State calls for laws to allow private hospitals to take in Categories Three to Five Covid-19 patients

(From left) Joseph Ng (PH-Ayer Itam), Heng Lee Lee (PH-Berapit) and Lim Guan Eng (PH-Air Putih) sharing a light moment during break time.

PENANG is pushing for laws to allow private hospitals to take in 30% of Categories Three to Five Covid-19 patients to ease the burden of public healthcare facilities.

State health committee chairman Dr Norlela Ariffin said at present, only 5% of Covid-19 patients have been taken in by private hospitals, which have 66 intensive care unit (ICU) beds, 49 high dependency unit (HDU) beds and coronary care unit (CCU) beds and 78 ventilators.

“We are requesting the government to use an Act to enable private hospitals to take in 30% of Categories Three to Five patients, as they are now taking in only Categories One and Two patients.

“Doing so will allow them to play their role and alleviate the burden on other existing healthcare facilities,” she said in her winding-up speech at the Penang state assembly sitting yesterday.

Dr Norlela said the state Health Department had also requested for more low-risk quarantine and treatment centres (PKRC) to be set up in hotels, which have proper beds and toilets.

Opposition leader Datuk Muhamad Yusoff Mohd Noor (BN-Sungai Dua) raising a point in the meeting at the state assembly building in Lebuh Light, George Town.Opposition leader Datuk Muhamad Yusoff Mohd Noor (BN-Sungai Dua) raising a point in the meeting at the state assembly building in Lebuh Light, George Town.

“Staying in community halls is similar to staying in hospitals.

“Instead of crowding at such halls, patients can stay in hotels and with its cost borne by the National Disaster Management Agency (Nadma), which is currently paying RM50 daily for patients to stay in PKRC.

“It will help support the tourism industry as well,” she said, adding that there are currently only two hotels in Penang functioning as PKRC.

Category One are patients with no symptoms while Category Two are patients with mild symptoms. Category Three are patients with lung infections while Categories Four and Five are those who require ICU care.

Earlier, several backbenchers raised the issue of insufficient PKRC for Categories One and Two patients in the state.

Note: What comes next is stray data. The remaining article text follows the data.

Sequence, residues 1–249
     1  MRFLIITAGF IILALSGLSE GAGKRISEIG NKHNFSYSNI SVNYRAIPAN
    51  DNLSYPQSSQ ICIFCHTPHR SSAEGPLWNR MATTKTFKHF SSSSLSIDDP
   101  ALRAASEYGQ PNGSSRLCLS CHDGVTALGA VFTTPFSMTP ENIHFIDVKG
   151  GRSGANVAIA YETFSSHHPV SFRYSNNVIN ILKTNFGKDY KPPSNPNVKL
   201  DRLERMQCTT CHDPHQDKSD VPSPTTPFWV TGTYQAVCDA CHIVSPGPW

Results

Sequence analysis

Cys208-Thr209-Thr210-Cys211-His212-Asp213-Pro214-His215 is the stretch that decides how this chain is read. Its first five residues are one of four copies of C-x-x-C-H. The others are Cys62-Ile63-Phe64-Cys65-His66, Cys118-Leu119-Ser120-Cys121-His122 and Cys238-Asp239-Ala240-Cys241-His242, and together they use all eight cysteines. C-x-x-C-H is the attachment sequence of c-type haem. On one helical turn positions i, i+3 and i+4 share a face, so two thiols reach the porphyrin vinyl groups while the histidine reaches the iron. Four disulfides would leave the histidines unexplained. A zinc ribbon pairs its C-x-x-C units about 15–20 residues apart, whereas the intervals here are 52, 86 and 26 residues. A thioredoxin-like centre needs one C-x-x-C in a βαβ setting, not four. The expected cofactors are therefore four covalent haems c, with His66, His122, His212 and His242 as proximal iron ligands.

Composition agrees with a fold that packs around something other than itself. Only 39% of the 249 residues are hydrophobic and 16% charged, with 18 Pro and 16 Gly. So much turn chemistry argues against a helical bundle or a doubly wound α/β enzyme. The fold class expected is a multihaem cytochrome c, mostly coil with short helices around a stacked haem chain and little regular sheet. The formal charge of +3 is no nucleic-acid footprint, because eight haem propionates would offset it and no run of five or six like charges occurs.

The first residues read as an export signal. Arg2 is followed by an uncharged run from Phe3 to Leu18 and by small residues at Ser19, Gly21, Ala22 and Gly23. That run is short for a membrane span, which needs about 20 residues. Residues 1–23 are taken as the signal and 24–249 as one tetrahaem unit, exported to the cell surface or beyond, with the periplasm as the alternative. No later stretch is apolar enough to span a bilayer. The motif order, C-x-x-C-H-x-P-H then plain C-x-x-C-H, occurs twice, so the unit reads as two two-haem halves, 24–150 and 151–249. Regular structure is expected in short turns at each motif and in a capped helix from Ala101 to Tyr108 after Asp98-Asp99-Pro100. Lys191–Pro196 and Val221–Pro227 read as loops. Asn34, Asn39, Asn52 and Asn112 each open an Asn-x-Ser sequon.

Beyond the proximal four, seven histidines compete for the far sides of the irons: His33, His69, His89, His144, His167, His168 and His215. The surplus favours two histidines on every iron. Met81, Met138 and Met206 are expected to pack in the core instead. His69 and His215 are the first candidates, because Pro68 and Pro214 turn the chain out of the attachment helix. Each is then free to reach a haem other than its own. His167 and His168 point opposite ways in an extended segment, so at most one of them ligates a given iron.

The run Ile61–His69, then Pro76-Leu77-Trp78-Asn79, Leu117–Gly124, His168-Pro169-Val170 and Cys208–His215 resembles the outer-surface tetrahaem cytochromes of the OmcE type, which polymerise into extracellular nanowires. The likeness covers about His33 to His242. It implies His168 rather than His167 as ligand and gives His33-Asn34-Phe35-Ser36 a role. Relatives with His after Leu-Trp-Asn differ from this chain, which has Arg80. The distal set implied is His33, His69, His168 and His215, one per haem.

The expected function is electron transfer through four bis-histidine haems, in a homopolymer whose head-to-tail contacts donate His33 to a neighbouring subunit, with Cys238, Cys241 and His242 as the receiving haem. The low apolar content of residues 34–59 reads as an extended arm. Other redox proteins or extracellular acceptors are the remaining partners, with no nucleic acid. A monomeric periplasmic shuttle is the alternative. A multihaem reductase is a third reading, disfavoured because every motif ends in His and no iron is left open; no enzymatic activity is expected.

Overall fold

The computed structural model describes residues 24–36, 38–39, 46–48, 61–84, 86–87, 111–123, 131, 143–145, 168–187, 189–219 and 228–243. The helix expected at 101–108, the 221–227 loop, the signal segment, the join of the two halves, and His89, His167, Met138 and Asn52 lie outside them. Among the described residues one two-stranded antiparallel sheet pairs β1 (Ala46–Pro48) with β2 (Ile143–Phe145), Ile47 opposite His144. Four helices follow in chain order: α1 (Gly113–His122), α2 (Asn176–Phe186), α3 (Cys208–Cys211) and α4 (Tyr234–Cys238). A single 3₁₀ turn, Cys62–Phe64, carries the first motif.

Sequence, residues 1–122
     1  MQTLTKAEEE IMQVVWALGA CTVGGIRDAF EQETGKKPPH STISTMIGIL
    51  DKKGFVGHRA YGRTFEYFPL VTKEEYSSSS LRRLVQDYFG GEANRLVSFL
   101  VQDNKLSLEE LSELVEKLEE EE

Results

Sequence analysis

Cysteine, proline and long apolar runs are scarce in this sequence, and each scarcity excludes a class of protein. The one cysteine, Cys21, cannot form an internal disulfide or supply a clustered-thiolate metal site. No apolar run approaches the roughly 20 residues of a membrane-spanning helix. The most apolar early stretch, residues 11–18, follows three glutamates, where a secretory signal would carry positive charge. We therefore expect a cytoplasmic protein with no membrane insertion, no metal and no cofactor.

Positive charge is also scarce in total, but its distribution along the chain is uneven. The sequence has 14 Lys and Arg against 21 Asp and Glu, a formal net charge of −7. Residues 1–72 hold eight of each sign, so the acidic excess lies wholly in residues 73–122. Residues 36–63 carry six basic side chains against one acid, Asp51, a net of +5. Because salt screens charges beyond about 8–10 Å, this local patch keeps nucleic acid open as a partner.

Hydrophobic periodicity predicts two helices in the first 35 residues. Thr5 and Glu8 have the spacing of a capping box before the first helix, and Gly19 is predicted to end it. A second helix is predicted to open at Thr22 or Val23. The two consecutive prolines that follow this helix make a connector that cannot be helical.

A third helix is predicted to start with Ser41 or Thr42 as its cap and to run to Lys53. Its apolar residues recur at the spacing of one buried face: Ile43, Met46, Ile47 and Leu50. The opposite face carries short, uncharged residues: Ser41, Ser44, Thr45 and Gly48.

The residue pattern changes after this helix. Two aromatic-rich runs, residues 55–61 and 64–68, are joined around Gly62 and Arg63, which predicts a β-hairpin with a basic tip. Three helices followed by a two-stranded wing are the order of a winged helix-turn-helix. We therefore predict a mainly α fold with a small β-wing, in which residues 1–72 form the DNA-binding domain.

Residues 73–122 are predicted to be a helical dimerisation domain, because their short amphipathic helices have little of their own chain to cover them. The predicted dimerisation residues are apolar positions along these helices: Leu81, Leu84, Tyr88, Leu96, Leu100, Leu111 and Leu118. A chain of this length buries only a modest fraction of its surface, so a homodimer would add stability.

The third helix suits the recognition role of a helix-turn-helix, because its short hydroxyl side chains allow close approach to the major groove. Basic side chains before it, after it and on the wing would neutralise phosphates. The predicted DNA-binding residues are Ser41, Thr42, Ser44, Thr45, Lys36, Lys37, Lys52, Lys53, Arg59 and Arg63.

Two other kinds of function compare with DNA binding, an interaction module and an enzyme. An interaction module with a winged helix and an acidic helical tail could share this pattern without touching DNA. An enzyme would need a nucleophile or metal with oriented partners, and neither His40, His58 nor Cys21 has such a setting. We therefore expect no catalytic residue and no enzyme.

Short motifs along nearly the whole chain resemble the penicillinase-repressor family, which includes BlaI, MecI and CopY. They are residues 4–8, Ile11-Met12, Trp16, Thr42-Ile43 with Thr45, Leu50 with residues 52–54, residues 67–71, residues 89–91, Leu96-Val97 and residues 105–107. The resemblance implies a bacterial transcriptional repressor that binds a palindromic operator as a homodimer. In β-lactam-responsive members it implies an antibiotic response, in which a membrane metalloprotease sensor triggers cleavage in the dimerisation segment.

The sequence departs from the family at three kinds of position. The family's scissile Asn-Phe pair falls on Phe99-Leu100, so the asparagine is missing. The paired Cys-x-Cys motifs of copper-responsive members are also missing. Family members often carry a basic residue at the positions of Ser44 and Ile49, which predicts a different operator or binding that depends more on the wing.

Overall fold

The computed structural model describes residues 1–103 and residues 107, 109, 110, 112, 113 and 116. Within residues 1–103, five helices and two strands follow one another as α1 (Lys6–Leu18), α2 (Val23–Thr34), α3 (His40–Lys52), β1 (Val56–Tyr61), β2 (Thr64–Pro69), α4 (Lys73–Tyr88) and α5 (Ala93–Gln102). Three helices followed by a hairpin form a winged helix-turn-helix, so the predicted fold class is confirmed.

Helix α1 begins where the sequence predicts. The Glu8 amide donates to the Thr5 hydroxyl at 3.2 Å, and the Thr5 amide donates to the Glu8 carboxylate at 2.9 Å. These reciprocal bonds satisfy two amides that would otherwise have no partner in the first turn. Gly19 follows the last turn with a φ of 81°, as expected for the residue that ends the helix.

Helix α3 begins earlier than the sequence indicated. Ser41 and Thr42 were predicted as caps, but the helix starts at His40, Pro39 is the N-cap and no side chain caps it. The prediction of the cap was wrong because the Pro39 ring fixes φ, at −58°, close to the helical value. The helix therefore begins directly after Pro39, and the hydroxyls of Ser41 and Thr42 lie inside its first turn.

M. Satees (PH-Bagan Dalam) said there was a need to set up more PKRC due to the increasing number of cases in the state.

“Many of them were brought-in-dead (BID) cases and having more PKRC will reduce these numbers,” he said, adding that there were more than 7,000 people who were quarantined at home.

Satees was earlier briefed by Dr Norlela, who said Penang had 119 BID cases so far, of which 12 people had completed their vaccination while 107 of them had yet to.

As many people were quarantined at home, Ong Ah Teong (PH-Batu Lanchang) asked Dr Norlela if there was an allocation for assemblymen to buy self-test kits and oximeters to give out to constituents, to which she agreed and would forward the request for funding from the State Financial Officer.

Gooi Hsiao-Leung (PH-Bukit Tengah) proposed that factories set up their own PKRC instead of using houses in residential areas.

“These factories are using houses in residential areas as quarantine centres and they will bring large groups of these workers to place them at these houses in the middle of the night.

“We have no way to control this,” he said.

In response, Dr Norlela said the state had received 13 applications to set up private PKRC but only two were willing while the rest had withdrawn due to their inability to meet strict standard operating procedures (SOP) to house Covid-19 patients.

Other lawmakers also urged Penang to develop its own measures to curb Covid-19 spread instead of depending on the Federal Government.

Chris Lee (PH-Pulau Tikus) urged Dr Norlela to drive the state with its own initiatives.

“I hope the state will take steps and start some of its own initiatives. Don’t just follow the Federal Government blindly,” he said.

Former Penang chief minister Lim Guan Eng (PH-Air Putih) said the state’s attempts to mitigate, such as providing RM177mil in aid, were merely insufficient, describing it as ‘a drop in the ocean’ as the pandemic was affecting all layers of people.

Lim said more efforts were needed and hoped focus is given to Covid-19 and the economic recession that has lasted since March last year.

“Recently, we are not only seeing a rise in Covid-19 cases but also in number of deaths.

“The number of infections in Penang is at almost 90,000.

“Data shows that so far this year up to Aug 11, a total of 258 deaths by Covid-19 have been confirmed by the Health Ministry.

“This year up to Aug 26, there have been 469 deaths, in comparison to only nine deaths last year within the same period.

“It means within 15 days from Aug 11 to Aug 26, there have been 211 deaths.

“The Health Ministry and the government need to take full responsibility for this.”

Referring to statistics, Lim said this year up to Aug 21, a total of 21 deaths from Covid-19 had been recorded in Ayer Itam followed by 14 in Penaga and 13 in Jawi.

Among his proposals was to prioritise vaccination for those aged above 50 years old as well as traders and hawkers.

“From the 258 deaths recorded, 83% of them are over 50 years old, with 44 of them aged below 50 and 214 of them are above 50 years old.

“I suggest we give priority to those above 50 for vaccination,” he said.

Lim also urged the state to approve vaccination centres by non-government organisations such as Tzu Chi Foundation Malaysia and seek the Federal Government’s help to provide necessary vaccine supply to them.

The meeting adjourned sine die.

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